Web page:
Working with Council Member Rafael L. Espinal Jr. and Brooklyn Borough President Eric L. Adams, the Design Trust for Public Space has contributed to efforts for new legislations aiming to put New York City at the forefront of the urban agriculture movement in the United States. Read more
Speaker Corey Johnson and City Council member Carlina Rivera allocated $680K in the FY20 City Capital Budget for the Opening of the Edge prototype installation at the NYCHA Lillian Wald Houses! Read more
Design Trust was awarded a two-year grant of $117,500 from Governor Cuomo's Regional Economic Development Council (REDC) initiative through the New York State Council on the Arts (NYSCA) in support of our Equitable Public Space Fellowship program.
The Design Trust for Public Space and the NYC Department of Transportation (NYC DOT) launched the El-Space Toolkit at the Center for Architecture hosted by AIANY Transportation and Infrastructure Committee, attended by practitioners from Boston, Toronto and New York City. Watch the full launch video and download the toolkit here
Matthew joins Design Trust as it celebrates 25 years of unlocking the potential of New York City’s shared spaces and brings valuable expertise to help guide the nonprofit into its next chapter as we together navigate this unprecedented and challenging time ahead for NYC's public realm. Read the Announcement.
Design Trust for Public Space launches its 11th RFP cycle with a focus on health equity and the built environment. Meet the Winners.
Photo Urbanism Fellow Barnabas Crosby’s Work is Showcased in Times Square Over New Year’s Eve. View the final exhibition featured in the Brooklyn Public Library here.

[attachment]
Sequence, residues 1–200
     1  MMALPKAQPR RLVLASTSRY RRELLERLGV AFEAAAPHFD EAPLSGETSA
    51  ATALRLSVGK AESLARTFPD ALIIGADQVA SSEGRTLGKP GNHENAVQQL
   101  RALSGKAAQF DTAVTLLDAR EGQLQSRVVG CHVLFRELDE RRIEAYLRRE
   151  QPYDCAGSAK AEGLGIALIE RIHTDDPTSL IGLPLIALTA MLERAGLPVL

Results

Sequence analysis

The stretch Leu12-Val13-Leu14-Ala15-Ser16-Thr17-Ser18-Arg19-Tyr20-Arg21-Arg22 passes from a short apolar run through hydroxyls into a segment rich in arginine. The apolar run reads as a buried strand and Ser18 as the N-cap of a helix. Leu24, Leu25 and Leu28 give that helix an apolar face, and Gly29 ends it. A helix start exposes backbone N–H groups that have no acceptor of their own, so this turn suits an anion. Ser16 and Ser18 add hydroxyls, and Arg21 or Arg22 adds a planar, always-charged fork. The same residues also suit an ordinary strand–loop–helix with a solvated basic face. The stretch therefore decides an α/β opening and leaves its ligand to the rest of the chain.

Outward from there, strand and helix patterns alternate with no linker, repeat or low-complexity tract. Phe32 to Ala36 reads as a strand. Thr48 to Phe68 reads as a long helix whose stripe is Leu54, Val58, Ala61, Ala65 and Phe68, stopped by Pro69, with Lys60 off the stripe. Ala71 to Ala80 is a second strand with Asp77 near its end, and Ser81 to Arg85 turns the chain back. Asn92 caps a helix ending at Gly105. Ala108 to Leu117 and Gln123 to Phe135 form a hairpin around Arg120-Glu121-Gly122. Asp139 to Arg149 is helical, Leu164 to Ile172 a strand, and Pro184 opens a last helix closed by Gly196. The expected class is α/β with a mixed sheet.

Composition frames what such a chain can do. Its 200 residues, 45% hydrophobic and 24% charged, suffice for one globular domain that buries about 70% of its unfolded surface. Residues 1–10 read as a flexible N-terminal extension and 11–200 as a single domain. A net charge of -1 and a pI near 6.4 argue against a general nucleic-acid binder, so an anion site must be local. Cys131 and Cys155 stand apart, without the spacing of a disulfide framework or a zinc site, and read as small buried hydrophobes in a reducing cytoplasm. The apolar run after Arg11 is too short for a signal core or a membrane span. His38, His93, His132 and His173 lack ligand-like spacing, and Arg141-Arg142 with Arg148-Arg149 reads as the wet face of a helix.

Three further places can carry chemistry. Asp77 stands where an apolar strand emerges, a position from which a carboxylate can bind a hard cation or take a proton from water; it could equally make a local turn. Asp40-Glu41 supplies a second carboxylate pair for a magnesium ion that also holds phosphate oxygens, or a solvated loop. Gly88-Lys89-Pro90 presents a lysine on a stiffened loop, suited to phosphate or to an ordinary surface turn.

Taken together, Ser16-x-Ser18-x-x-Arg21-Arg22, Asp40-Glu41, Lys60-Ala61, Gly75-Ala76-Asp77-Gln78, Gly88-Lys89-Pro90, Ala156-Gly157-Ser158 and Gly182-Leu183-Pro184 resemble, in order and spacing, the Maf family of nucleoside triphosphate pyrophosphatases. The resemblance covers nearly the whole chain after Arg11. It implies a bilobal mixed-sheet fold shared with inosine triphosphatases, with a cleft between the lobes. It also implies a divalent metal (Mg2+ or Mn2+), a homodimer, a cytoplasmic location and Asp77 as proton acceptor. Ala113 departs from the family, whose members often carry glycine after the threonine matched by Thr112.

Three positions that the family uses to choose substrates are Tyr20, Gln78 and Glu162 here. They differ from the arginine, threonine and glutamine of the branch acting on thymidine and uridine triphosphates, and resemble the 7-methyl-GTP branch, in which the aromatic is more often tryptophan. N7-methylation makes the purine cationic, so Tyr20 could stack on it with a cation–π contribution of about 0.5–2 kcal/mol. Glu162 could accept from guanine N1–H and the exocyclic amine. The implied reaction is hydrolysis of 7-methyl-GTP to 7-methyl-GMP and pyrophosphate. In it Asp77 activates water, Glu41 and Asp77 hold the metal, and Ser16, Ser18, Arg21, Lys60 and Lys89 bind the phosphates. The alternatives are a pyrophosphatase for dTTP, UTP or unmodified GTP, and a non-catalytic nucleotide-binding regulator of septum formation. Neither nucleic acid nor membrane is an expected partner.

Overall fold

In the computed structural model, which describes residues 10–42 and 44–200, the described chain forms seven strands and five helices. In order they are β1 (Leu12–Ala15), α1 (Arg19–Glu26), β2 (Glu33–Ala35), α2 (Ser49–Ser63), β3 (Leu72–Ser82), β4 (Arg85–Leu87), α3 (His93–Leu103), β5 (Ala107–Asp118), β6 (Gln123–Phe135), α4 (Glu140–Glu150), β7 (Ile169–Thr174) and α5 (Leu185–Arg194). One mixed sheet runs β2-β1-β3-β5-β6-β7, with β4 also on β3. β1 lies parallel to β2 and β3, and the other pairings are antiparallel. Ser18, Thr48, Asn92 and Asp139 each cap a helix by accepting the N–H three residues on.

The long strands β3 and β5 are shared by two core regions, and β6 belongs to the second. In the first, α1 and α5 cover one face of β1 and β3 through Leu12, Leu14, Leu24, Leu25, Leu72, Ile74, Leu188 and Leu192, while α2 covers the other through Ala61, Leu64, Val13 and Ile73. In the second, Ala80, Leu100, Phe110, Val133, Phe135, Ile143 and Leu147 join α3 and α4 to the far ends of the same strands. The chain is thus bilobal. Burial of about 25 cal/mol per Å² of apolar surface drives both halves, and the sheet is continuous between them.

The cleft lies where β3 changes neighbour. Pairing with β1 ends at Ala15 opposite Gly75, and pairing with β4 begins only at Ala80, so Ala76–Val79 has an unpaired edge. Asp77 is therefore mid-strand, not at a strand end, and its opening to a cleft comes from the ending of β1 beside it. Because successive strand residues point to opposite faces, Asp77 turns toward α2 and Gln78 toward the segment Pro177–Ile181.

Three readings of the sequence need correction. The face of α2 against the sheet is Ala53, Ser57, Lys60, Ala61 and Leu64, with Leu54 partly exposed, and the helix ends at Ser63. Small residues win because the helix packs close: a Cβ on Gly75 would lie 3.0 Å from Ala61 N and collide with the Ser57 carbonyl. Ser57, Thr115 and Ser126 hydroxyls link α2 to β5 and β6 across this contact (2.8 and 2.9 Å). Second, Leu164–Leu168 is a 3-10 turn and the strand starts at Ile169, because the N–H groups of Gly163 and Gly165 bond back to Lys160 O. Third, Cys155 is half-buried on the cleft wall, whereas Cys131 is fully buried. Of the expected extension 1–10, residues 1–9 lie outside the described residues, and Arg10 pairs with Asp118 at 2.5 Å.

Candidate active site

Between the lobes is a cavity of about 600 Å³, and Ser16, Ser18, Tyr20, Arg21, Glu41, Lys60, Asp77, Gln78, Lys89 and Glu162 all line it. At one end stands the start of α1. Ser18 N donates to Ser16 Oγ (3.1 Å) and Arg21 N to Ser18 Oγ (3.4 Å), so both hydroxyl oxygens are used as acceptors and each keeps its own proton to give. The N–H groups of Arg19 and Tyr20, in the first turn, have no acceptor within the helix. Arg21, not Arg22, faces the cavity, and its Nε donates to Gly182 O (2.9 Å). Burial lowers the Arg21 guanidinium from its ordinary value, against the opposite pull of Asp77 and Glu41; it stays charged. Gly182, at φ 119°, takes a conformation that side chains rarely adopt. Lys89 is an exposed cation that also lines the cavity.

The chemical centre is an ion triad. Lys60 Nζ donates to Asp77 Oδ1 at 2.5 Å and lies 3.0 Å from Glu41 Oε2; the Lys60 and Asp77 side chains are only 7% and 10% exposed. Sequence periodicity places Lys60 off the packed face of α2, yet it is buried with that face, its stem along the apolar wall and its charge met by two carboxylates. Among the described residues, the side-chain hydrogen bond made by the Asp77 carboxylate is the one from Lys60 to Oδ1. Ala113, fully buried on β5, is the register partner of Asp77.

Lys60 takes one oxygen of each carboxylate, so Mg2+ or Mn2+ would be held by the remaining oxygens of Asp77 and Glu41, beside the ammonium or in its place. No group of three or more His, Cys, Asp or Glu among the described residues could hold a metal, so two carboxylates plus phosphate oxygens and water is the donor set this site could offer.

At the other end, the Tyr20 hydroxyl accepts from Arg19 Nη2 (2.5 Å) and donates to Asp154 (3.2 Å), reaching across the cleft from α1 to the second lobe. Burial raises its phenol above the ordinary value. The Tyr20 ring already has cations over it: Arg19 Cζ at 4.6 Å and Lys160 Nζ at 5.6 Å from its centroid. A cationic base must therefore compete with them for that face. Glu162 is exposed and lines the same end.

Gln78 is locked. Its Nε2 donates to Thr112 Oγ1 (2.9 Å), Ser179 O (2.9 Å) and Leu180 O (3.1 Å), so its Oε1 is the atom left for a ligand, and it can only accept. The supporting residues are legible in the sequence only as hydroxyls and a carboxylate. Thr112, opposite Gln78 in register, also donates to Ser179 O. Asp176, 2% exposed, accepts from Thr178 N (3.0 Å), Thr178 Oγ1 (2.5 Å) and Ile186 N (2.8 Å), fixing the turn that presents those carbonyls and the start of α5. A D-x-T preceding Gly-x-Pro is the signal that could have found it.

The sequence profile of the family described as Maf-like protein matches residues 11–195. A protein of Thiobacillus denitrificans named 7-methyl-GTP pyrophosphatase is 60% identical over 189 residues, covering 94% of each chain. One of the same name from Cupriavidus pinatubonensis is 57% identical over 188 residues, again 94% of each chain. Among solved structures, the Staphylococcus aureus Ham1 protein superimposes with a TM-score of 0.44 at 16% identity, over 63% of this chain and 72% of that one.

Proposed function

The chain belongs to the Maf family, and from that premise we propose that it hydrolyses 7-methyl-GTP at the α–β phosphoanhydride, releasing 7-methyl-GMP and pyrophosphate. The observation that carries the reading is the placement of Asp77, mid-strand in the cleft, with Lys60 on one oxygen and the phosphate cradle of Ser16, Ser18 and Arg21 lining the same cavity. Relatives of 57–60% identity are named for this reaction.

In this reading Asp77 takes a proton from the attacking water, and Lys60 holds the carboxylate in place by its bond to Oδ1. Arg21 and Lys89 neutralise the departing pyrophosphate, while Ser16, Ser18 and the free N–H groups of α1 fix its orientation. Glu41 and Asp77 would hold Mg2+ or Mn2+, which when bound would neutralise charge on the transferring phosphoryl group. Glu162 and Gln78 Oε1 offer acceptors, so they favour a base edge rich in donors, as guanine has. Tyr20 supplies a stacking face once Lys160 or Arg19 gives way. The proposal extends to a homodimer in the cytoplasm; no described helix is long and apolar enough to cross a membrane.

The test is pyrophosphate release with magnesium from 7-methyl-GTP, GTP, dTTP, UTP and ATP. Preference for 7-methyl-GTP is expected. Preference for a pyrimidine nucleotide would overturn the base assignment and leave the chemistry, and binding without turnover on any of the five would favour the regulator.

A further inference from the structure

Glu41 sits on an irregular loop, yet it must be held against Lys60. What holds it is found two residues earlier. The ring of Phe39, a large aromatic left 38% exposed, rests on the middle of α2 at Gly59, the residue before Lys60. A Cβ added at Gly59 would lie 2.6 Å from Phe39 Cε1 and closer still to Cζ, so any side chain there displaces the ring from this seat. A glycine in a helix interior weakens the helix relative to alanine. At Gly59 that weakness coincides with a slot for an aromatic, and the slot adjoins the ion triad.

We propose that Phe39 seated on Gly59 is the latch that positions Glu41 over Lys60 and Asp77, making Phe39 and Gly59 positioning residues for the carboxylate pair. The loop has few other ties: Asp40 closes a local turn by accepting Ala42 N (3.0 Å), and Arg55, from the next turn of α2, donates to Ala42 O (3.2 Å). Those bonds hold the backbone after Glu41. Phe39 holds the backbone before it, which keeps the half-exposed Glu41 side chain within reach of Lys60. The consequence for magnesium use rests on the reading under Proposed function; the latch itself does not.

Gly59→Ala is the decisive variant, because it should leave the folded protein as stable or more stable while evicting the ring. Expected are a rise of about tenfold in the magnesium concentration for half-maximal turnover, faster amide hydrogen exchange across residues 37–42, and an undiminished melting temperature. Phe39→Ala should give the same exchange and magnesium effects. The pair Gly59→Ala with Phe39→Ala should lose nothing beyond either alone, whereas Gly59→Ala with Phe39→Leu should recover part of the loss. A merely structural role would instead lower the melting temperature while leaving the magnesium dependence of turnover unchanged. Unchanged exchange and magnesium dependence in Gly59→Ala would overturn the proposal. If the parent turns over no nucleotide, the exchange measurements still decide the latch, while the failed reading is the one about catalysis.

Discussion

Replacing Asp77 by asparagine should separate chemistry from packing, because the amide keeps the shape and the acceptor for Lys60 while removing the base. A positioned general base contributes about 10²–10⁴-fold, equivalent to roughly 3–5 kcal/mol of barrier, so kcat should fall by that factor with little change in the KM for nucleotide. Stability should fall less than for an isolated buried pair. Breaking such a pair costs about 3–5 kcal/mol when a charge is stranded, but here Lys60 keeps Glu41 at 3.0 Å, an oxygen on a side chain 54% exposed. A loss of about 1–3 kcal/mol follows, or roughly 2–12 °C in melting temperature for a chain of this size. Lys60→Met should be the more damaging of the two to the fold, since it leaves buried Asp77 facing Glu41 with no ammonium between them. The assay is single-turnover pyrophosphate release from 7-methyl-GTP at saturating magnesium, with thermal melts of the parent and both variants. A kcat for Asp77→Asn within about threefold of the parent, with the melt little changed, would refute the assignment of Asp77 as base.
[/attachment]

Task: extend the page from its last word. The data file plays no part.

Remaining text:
From the Design Trust for Public Space supported by a grant from NYC Department of Small Business Services, the publication explores best policy practices for public space governance in under-resourced neighborhoods. Explore the Toolkit.
The Design Trust for Public Space collaborates with SITU, an architectural practice centered on social and creative impact, on a major, citywide effort to connect artists to the potential of public space, through new partnerships and infrastructure. Learn More Here.
The Leona M. and Harry B. Helmsley Charitable Trust announce a grant of $3.2 million over three years for the Fund for Public Housing to create and activate green space at four NYCHA public housing developments, supported by the Design Trust for Public Space and benefiting 14,000 residents in Brooklyn and the Bronx. Learn more about the resident-led participatory design process.
As the City works to create a permanent Open Restaurants Program , the Alfresco NYC coalition, led by the Design Trust for Public Space, Regional Plan Association, and Tri-State Transportation Campaign, released an extensive report, “The Future of Outdoor Dining in New York City.” listing design guidelines and policy recommendations for outdoor dining installations, based on months of site visits, roundtable discussions, research, and individual interviews.
The Design Trust for Public Space hosted a one-day convening bringing together urban planners, city officials, neighborhood advocates, and public health experts to center health equity in the design and planning of New York City. This special event elevated important conversations about community health, environmental justice, social resilience, and design excellence as core drivers of how New Yorkers, especially those most vulnerable, can thrive, beginning an open, inclusive call to action for New York City's next chapter. Watch here.